Vegetables provide valuable amounts of dietary fiber, or so-called fiber to complement the rich cocktail of vitamins, minerals and antioxidants that help support a healthy immune system. In order to improve your overall health and maintain your physical beauty, eat fiber-rich vegetables regularly.
Fiber in vegetables acts beneficially on the body in numerous ways. It contributes to food ingested having efficient movement through the digestive system and unnecessary organic material to be disposed of faster. However, these essential fibers serve as a useful tool in maintaining healthy levels of cholesterol and blood sugar levels, which are critical factors to prevent cardiovascular disease, obesity and diabetes.
Regular consumption of fiber also takes care of the proper functioning of the colon and prevents or reduces the symptoms of constipation and other digestive disorders.
Fiber increases the feeling of satiation, so it may be useful in controlling appetite and moderating your weight.
There are two types of dietary fiber. First - insoluble fiber, which is found in significant amounts in all leafy vegetables, beans, and most vegetables whose skin is not removed when cooking. It promotes good bowel movements and accelerates the release of stools in the colon. The other - soluble fiber, is abundant in artichokes, carrots, broccoli and spinach, being associated with fatty acids and prolong the emptying time of the stomach so that sugar can be separated and absorbed properly.
In half a cup of the following vegetables and plants, the most fiber grams are contained: Brussels sprouts (2 g), colored sprouts (2 g), curled sprouts (1-2 g), broccoli (between 2 and 3 g.), lettuce (4 g), dock (2 to 3 g), spinach (2 to 3 g), sorrel (2 to 3 g), peas (between 7 and 9 g), beans (between 6 and 10 g), lentils (7 g), corn (5 g), artichokes (7.2), radish (1 g), aubergines (between 1 and 2 g), potatoes (between 3 and 4 g) – it is recommended that young potatoes and raw carrots are to be eaten with the peel (then, they will have 3 to 4 g).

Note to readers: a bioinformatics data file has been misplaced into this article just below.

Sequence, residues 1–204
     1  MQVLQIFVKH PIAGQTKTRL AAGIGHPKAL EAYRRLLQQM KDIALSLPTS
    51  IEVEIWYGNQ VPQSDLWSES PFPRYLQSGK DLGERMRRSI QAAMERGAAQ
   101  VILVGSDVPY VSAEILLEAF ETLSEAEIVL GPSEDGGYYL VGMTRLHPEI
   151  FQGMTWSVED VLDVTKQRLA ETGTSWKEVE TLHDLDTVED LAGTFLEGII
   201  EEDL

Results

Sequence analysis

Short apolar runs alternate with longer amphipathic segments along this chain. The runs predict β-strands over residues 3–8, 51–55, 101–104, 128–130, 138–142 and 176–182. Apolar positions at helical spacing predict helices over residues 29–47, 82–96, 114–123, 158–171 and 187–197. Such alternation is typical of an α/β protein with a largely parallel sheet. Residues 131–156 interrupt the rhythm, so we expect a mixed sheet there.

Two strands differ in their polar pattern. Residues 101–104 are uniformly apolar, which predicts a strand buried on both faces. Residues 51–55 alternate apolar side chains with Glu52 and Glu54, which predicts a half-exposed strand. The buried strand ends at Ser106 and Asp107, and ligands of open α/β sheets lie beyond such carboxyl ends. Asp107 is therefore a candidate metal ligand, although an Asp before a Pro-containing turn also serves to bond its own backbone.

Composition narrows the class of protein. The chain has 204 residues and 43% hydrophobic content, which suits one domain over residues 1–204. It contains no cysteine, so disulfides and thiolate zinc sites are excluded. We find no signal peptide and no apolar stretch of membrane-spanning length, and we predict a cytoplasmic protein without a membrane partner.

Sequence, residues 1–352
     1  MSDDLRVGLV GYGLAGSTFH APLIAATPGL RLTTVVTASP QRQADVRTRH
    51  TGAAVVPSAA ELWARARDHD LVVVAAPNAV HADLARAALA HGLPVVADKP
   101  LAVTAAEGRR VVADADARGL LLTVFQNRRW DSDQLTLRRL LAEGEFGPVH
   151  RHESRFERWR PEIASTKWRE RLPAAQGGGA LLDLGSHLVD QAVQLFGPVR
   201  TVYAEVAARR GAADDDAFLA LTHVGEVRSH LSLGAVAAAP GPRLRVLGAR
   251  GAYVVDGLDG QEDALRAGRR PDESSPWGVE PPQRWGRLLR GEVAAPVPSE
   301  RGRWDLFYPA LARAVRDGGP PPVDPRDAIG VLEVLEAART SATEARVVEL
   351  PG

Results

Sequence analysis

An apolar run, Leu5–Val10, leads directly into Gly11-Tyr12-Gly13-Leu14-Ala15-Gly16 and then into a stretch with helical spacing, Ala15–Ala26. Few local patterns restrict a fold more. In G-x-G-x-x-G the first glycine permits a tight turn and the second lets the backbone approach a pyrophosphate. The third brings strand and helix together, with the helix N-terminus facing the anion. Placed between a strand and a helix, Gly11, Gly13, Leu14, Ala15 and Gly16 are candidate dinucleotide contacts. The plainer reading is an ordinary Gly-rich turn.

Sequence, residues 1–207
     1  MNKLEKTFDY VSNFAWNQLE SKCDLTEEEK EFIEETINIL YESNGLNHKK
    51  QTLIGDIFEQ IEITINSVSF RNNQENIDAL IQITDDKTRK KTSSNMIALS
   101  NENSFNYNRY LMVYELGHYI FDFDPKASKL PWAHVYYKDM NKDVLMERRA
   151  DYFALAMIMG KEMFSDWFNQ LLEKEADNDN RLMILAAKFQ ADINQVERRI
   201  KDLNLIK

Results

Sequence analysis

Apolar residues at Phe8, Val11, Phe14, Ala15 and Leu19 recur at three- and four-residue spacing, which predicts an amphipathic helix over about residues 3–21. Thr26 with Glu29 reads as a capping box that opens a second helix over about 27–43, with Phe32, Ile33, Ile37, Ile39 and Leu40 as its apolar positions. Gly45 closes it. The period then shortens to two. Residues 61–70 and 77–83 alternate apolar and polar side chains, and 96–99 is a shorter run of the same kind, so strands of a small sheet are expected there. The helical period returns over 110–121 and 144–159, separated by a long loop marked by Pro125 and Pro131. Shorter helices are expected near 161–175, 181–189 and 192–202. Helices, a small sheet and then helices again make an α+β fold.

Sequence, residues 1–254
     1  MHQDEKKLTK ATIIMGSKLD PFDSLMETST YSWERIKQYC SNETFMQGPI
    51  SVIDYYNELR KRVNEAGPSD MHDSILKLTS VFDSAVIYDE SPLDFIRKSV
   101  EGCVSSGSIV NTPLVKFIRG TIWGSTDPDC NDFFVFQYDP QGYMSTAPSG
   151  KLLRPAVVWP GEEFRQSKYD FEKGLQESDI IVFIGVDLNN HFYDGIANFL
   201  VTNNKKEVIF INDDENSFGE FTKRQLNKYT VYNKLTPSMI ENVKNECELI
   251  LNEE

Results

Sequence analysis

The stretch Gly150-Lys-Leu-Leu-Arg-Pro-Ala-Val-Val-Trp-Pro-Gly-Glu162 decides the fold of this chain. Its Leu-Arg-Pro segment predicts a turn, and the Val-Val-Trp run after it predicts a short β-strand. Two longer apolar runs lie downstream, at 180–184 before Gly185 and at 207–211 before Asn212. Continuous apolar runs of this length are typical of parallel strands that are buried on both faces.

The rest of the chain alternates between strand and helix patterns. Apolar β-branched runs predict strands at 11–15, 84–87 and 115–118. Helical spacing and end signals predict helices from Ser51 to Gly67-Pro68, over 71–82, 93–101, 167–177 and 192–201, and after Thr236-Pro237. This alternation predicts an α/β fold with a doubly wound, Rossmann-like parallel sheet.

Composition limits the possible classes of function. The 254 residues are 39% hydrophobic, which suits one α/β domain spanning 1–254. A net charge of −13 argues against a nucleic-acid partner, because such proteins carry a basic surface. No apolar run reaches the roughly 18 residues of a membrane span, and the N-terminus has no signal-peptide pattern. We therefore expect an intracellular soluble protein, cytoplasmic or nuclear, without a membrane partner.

To increase your fiber intake, choose mostly fresh, raw vegetables, as they provide the highest quantities of food and fiber.
Dietetic Association recommends that women take 25 grams of fiber a day and men should try to get 38 grams. After the age of 50, these go down to 21 grams for women and 30 grams for men.
To answer these values for required fiber, have about 2 cups of vegetables daily in addition to other food sources of fiber, such as whole grains and legumes.
Evidence of the beneficial properties of fiber
A U.S. study has been testing the effects of intake of vegetables high in fiber. Subsequent results convinced scientists that their regular consumption is associated with reduced risk of colon cancer and prevention of cardiovascular diseases.
Ten healthy volunteers were assigned a diet, which consisted of three different dietary cycles. Each had a duration of two weeks.
The first diet included lots of vegetables, fruits and nuts (55 g dietary fiber per day and 1 000 kcal.), the second- grains and legumes (the early agricultural diet in the development of human civilization) and the third was low in fat (contemporary therapeutic diet).
Each was a diet suitable for weight maintenance (ie 2577 kcal. intake daily).
The comparison of results showed that the grain diet and the low fat one have the same effect on the body as one rich in dietary fiber.
A vegetable and fruit diet resulted in the greatest reduction in low-density lipoprotein (LDL) cholesterol, 33% + / - 4%, P <0.001. It helped highest excretion of bile acid in feces -1, 13 + / - 0, 30 g / d, P = 0.002, and the most significant release of stool volume - 906 + / - 130 g / d, P <0.001, as well as short-chain fatty acids in faeces -78 + / - 13 mmol / d, P <0.001.
However, due to the increase in emitted faeces, the actual concentration of bile acids is lower in the vegetable diet, and minimizing of the lipids was noted within one week. Separation of mevalonic acid (P = 0.036) was also highest in the vegetable diet.